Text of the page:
Saturday, January 26, 2019


where: Piazza di Sant'Egidio, Trastevere
getting there: 5 minute walk from the Porta Settimiano, on Via della Scala to Piazza di Sant'Egidio
open: not available

Sant'Egidio in Trastevere was built in 1630 as a convent church for Carmelite nuns and dedicated to Saint Giles, patron saint of hermits.
The church was funded by Prince Filippo Colonna and his generous donation was acknowledged with a carving of his family crest – a column – over the facade doorway.
Around the corner on the right of the church facade is a lovely Madonella fresco of the Assumption.

Today the old convent building next door is home to the Museo di Roma of Trastevere which holds the collection of folklore and Roman traditions with paintings of Roman life from the 18th to the 20th centuries. 
Inside the church is an altarpiece by Cristoforo Romcalli (il Pomerancio) of Saint Egidio.
The main altarpiece dates to 1630 by Andrea Camassei.

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Helpful Hints

Getting Around

I found walking Rome was the best way to see everything.

The metro, trams and buses are also an easy and cheap option.

Buses and the metro can get crowded. Tickets must be bought before boarding and validated.

Beware of pickpockets.

Buses 40 (express) and 64 start at Termini and end near Saint Peter's, traveling past places of interest, returning the same way.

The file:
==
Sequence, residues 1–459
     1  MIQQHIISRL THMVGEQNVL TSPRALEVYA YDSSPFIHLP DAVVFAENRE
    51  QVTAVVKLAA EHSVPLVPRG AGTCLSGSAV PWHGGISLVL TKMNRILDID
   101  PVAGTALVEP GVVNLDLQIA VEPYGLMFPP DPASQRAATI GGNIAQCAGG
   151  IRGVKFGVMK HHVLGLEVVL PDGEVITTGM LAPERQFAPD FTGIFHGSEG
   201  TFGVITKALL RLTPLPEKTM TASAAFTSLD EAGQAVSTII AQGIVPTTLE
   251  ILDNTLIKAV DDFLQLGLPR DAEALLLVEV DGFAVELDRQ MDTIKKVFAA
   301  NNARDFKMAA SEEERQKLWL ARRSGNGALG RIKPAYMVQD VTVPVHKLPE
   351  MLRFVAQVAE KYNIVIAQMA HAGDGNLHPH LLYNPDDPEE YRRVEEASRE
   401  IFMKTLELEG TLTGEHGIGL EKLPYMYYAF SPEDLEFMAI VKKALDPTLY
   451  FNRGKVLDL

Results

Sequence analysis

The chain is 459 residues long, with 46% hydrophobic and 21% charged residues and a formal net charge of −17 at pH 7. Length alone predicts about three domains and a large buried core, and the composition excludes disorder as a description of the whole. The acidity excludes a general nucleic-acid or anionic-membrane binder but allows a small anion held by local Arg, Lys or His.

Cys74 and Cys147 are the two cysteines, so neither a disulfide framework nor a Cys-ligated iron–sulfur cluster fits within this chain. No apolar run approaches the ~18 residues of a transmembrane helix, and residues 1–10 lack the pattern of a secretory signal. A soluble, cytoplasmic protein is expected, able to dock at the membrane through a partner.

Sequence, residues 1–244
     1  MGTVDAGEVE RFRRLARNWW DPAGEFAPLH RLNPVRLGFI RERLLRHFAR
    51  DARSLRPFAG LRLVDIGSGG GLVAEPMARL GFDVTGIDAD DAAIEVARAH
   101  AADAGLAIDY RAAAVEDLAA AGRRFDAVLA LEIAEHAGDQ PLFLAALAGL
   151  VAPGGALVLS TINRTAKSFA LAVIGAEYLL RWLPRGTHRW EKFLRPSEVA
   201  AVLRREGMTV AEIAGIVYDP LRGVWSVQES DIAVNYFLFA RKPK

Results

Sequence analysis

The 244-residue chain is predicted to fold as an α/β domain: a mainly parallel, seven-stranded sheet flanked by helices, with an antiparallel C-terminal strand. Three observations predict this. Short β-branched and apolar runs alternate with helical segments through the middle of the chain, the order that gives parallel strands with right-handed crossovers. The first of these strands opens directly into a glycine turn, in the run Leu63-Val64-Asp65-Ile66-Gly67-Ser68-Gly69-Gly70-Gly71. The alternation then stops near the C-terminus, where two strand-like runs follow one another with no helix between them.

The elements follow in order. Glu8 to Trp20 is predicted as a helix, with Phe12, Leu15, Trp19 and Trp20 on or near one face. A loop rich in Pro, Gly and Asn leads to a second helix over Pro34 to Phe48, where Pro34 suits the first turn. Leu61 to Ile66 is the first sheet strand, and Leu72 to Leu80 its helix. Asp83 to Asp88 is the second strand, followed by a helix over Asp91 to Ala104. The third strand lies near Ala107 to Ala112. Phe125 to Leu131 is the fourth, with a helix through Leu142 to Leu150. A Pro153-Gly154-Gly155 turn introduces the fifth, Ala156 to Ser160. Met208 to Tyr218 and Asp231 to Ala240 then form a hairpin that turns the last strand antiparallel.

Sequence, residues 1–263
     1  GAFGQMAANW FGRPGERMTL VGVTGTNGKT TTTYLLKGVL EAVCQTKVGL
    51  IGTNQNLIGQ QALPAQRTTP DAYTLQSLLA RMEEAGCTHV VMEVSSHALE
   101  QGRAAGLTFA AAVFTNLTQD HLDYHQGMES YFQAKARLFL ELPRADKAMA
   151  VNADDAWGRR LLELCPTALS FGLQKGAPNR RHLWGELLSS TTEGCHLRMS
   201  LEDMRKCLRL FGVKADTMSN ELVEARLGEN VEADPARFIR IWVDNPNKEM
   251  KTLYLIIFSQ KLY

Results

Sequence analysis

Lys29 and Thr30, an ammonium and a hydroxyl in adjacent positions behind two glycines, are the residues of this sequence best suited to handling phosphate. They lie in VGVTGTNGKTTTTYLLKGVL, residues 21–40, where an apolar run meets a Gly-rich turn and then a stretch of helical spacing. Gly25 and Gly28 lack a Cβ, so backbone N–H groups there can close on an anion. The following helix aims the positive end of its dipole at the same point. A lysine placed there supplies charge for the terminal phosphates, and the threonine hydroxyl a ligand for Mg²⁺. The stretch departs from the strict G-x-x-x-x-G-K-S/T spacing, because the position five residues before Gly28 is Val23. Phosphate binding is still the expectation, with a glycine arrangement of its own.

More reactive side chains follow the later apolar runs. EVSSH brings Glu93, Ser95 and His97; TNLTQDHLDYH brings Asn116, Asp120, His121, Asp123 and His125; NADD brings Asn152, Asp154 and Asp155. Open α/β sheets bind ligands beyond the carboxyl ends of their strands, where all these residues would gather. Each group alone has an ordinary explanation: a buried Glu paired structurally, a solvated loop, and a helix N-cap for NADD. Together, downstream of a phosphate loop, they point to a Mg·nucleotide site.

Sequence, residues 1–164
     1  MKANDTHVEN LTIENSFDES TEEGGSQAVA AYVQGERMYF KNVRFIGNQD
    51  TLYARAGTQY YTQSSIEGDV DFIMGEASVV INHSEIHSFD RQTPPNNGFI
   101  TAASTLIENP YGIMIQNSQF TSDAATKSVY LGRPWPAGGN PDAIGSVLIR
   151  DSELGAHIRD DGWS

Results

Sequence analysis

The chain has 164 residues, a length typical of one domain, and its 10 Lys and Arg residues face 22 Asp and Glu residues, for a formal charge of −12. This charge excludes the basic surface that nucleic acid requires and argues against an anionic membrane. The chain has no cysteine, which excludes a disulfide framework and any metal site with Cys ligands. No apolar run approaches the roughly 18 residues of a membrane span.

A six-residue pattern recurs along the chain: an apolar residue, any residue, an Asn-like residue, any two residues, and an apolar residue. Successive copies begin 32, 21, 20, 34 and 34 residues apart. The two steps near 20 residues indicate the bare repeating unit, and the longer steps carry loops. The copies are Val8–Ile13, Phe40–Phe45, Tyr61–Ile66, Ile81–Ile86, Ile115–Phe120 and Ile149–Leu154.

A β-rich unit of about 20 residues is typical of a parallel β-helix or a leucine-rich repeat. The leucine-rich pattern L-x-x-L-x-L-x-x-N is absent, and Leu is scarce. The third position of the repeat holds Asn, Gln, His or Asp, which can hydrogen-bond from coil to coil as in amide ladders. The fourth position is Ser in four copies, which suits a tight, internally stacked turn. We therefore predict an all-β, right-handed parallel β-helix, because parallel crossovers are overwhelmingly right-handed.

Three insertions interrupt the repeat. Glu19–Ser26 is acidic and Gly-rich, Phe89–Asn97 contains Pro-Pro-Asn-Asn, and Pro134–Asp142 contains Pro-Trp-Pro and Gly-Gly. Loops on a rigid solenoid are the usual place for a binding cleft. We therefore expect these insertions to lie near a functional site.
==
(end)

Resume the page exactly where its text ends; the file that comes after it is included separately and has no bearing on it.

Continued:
Some stops along the 64 route are:


Piazza Venezia

Via Nazionale

Corso Vittorio Emanuele II

Bus 75 takes you past the Colosseum to Trastevere

Bus 910 takes you to Villa Borghese

Ticket Options

€1.50 B.I.T (Biglietto Integrato a Tempo) is the standard ticket valid for one metro, unlimited tram or bus rides within 100 minutes.

€7.00 B.I.G ( Biglietto Integrato a Giornaliero) is a daily ticket valid for unlimited metro, tram, bus and train travel within Rome.

Purchasing Bus and Metro tickets.

Newsstands, train stations, metro stations, kiosks with the ATAC logo and tabacchi shops sell tickets for the metro, trams and buses.

Large fines apply to travelers not holding or validating their ticket. Tickets once validated start from the time they have been stamped.

These are a few of my favourite books about Rome

The Cardinal's Hat by Mary Hollingsworth
This book tells the story of one of the sons of Lucrezia Borgia who became a cardinal during the 16th century.

The Tigress of Forli by Elizabeth Lev
I love this book telling the story of Caterina Sforza who was fighting against the Borgia pope to retain the rights of her land and her freedom.

The Popes by John Julius Norwich
A detailed but easy and enjoyable book to read about the history of the papacy and the popes.

The Pope's Daughter by Caroline P Murphy
This book describes in beautiful detail, the life and times of Pope Julius II daughter, Felice della Rovere.

The Families Who Made Rome by Anthony Majanlahti
I love this Book! It explains the families who made Rome what it is as we see it today and also looks at their triumphs, scandals and failures.

Rome by Robert Hughes
This book explains Rome from its beginning and expands on the Renaissance and Baroque until present times.

The Lost Painting by Jonathan Harr
Another of my favourite reads about a lost Caravaggio painting and the search for its provenance.

other sites I trust for information on Rome are:
Rome Art Lover
Churches of Rome wiki